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Of Its Time and of Its Place

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The title of this lecture is explained by Richard Murphy Architects’ location between two opposite points of view. There is little in our work that might be called avant-garde. The office does not subscribe to the high-octane world of the international ‘starchitects’ depositing iconic buildings in different cultures around the world, which whilst having some superficial photo-journalistic value, rarely repay close inspection. The other position is represented by the society in which we work, Edinburgh in particular, but also elsewhere in the UK. This is a city where many citizens wish that the modern era had never occurred. Modern architecture, it seems to be universally agreed, has spoilt the view. However it is essential for the health of our culture that we make buildings that are recognisably of today so that in future there will be some history from this era to preserve. Rooting recognisably new buildings into old places or particular landscapes; contributing towards, rather than damaging, their location; continuing, rather than fossilising, the history of a place: there are our objectives. We call it architecture of its time and place.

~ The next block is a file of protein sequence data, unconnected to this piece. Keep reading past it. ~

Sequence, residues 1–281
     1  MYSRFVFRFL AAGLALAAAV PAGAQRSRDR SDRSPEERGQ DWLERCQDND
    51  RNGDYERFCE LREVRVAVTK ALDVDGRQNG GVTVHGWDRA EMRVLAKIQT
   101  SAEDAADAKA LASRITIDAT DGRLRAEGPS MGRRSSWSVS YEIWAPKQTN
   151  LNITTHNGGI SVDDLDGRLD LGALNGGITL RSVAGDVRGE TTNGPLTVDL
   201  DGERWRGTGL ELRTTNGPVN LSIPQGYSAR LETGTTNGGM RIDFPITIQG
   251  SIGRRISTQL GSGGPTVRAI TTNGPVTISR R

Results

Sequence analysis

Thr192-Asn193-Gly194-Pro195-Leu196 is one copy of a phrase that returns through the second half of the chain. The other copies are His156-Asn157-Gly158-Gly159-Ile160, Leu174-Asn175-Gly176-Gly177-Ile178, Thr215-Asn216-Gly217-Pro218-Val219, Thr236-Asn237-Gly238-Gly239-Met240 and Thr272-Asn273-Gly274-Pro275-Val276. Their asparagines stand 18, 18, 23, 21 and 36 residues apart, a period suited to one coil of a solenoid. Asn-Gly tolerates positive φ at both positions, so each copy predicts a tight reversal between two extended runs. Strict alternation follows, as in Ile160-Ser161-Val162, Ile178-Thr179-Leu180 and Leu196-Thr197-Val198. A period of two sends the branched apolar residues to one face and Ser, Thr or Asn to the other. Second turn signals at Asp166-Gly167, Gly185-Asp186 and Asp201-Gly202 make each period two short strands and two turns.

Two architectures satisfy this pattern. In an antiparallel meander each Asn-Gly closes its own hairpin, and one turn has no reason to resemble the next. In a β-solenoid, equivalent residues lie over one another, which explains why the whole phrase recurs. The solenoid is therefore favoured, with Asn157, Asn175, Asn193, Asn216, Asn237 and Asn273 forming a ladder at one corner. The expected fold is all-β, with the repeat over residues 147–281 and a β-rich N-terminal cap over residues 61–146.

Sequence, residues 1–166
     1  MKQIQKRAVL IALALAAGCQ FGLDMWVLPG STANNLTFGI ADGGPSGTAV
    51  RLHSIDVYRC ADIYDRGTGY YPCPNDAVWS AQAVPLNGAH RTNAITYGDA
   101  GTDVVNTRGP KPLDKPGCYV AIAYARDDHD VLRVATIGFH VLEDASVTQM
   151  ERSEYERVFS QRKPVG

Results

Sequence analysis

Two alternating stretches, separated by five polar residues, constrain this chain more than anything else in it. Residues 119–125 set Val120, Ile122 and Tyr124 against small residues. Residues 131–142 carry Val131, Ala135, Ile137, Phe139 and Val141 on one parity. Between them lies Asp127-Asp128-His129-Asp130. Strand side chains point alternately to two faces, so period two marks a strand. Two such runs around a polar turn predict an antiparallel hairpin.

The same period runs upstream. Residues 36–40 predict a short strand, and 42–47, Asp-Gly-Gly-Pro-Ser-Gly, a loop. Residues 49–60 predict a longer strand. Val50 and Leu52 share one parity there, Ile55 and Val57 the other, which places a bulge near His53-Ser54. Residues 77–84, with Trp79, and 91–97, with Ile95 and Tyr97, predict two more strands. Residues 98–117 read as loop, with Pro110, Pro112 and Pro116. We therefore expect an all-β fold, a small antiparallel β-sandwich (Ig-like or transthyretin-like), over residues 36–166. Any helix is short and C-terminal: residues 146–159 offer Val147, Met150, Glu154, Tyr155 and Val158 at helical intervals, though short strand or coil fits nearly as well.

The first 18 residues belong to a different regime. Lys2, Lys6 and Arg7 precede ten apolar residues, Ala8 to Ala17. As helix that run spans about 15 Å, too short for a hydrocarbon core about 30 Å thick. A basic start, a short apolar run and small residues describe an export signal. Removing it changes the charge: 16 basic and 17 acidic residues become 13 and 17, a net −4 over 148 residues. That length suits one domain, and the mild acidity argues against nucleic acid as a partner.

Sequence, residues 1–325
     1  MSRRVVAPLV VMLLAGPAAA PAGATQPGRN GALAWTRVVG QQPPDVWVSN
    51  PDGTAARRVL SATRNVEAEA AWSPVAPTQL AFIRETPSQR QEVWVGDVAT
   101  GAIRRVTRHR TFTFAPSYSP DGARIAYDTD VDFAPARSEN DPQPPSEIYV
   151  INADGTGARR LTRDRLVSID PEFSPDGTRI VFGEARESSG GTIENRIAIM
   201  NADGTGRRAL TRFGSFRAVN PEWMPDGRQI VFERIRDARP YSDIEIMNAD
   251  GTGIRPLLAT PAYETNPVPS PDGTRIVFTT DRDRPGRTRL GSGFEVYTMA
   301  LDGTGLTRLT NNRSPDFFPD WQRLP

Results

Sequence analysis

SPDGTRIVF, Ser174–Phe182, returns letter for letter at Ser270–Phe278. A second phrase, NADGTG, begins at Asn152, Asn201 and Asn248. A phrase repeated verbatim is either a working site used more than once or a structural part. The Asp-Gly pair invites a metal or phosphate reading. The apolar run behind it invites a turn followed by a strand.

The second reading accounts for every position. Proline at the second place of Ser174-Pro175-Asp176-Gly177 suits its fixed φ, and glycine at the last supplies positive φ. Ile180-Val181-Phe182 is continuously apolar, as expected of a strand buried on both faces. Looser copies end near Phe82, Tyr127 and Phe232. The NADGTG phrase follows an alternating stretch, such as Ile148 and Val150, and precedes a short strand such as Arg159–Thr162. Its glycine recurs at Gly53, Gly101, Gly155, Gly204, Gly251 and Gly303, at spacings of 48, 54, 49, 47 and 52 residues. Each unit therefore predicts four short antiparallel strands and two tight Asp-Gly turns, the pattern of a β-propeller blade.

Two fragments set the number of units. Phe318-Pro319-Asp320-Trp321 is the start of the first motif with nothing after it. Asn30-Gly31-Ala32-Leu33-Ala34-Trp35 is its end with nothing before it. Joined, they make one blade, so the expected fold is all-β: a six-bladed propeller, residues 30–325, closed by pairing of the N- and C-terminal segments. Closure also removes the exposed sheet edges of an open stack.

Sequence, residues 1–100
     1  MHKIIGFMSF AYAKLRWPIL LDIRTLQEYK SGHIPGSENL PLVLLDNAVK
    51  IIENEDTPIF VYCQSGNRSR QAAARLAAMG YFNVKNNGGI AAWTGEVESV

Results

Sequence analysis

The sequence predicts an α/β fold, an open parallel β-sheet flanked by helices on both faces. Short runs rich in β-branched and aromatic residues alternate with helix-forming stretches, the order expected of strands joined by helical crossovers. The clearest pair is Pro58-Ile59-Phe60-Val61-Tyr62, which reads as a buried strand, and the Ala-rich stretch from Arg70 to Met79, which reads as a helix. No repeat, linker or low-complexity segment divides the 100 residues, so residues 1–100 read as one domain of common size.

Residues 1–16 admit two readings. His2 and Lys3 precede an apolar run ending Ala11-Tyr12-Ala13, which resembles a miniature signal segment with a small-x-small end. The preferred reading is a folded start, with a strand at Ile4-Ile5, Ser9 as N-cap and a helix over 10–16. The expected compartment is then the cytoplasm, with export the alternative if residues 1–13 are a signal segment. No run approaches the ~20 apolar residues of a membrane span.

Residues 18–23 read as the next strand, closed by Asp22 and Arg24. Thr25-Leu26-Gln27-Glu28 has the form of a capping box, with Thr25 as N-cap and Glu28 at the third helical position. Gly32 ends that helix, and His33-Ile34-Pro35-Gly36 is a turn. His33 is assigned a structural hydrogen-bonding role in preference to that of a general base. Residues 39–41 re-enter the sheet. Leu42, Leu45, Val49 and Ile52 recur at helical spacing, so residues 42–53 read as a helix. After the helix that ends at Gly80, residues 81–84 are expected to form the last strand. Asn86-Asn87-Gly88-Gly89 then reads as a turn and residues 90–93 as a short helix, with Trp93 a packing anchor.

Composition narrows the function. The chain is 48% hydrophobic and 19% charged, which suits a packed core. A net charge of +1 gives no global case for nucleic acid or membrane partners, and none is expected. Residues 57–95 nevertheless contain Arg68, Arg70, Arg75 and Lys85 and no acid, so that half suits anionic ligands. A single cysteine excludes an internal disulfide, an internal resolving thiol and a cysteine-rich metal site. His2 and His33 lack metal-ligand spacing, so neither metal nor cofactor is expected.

This talk is part of the Martin Centre Research Seminar Series series.

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